Defense bill strips Buy American revisions
- By Michael Hardy
- Nov 30, 2003
Provisions to strengthen existing Buy American laws, contained in the House version of the Defense Authorization bill, failed to make it to the version signed by President Bush last week.
The provisions were championed by Defense Department officials and Rep. Duncan Hunter (R-Calif.), chairman of the House Armed Services Committee. Proponents said the proposed rules would boost U.S. manufacturing companies and make DOD less dependent on foreign countries for technology, weapon systems components and other acquisitions.
But some technology industry groups opposed the measure. Many products, especially items such as computers that are assembled from multiple components, would not qualify as U.S. made, critics suggested. And a proposal to require companies to report the sources of components in many systems would have been too burdensome for industry, they said.
One of those critics, Joe Tasker, senior vice president for government affairs and general counsel at the Information Technology Association of America, applauded the outcome of the conference process, which removed Buy American provisions from the bill, he said.
According to existing Buy American laws, agencies are supposed to assess a cost penalty on goods from foreign countries, unless those countries are covered in a trade agreement with the United States, he said. The proposed language would have required all defense procurements to follow the Buy American Act, not a trade agreement, he said.
"I understand the issue people want to discuss — American self-sufficiency," he said. "They want to discuss how much we do in America and how much we do overseas. I don't want to stop that discussion, and I think it's a good discussion to have. What we've done is we've made it possible to have that discussion without bringing procurement to a dead stop. That was the fear."
Chip Mather, senior vice president at Acquisition Solutions Inc., said that Buy American provisions in general are misguided.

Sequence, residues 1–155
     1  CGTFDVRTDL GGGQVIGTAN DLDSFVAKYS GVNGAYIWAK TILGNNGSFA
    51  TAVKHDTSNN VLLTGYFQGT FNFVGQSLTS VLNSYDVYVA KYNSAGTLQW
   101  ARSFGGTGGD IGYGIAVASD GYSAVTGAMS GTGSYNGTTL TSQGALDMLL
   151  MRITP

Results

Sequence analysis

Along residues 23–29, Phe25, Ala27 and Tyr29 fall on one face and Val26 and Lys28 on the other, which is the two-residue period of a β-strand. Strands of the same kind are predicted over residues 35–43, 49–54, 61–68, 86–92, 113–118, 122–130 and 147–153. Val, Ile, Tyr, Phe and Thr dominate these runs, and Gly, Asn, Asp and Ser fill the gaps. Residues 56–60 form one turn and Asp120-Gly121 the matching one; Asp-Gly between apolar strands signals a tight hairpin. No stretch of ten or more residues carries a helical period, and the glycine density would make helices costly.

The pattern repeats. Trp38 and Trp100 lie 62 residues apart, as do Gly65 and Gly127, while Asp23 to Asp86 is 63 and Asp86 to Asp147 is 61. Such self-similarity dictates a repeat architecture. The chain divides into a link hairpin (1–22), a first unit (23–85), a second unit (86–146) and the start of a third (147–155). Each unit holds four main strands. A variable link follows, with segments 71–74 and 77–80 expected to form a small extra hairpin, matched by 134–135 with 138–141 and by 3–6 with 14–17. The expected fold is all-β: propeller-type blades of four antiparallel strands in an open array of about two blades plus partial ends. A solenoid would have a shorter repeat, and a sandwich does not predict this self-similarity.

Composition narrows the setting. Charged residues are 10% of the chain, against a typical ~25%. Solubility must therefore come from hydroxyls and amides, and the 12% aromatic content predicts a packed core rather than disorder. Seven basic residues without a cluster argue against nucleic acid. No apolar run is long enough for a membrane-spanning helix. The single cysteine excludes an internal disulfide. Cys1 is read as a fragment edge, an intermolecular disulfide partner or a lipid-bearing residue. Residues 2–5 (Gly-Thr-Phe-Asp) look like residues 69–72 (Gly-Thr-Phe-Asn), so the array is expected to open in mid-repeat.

"The very people you're trying to help, you actually make life more difficult for them," he said. "When you try to add Buy American to the Trade Agreements Act to the [North American Free Trade Agreement], it's bizarre. My experience is Buy American has hurt American companies."
The proposal continues to come up because its name invokes patriotic sentiments, he said.
"That's why it's so hard to vote against," he said. "Buy American Act, how can you vote against that? But it causes American companies a huge burden."
Attorney Louis Victorino, a partner at Sheppard, Mullin, Richter and Hampton LLP in Washington, D.C., said the stripped-down rules that appears in the bill's final version is "a fairly innocuous statute as it now stands."
He noted that the data collection requirements are gone. So is a proposal to increase from 50 percent to 65 percent the minimum percentage of American components a product must contain to be called American. Those two measures were the most controversial ones for American businesses, he said.
"They're doing some analysis, but only of data they already have," he said.
Victorino said the provisions would have had the effect of banishing the vendors that DOD officials want to attract. "DOD in particular, and government in general, has a history of trying to attract nontraditional vendors," he said. "This statute, had it passed, would have been anathema to that."
The bill could have been beneficial to the "rust industries," Victorino said, which are manufacturing firms that make traditional, low-tech products. But the needs and natures of those industries are different from high-tech companies, which often need to use components from overseas that are not available through U.S. sources, he said.
And government will not get the best technology if it doesn't come from private companies, he added. "Most of the cutting-edge technologies are no longer being financed by the Department of Defense."
The final version of the Defense Authorization bill includes these changes to the Buy America provisions:
* Companies no longer have to determine if critical items included in certain military systems come from a domestic or foreign source.
* A proposal to require an item to contain 65 percent American components to qualify as an American product was dropped. The threshold remains 50 percent, as specified in existing laws.
Source: Defense Authorization bill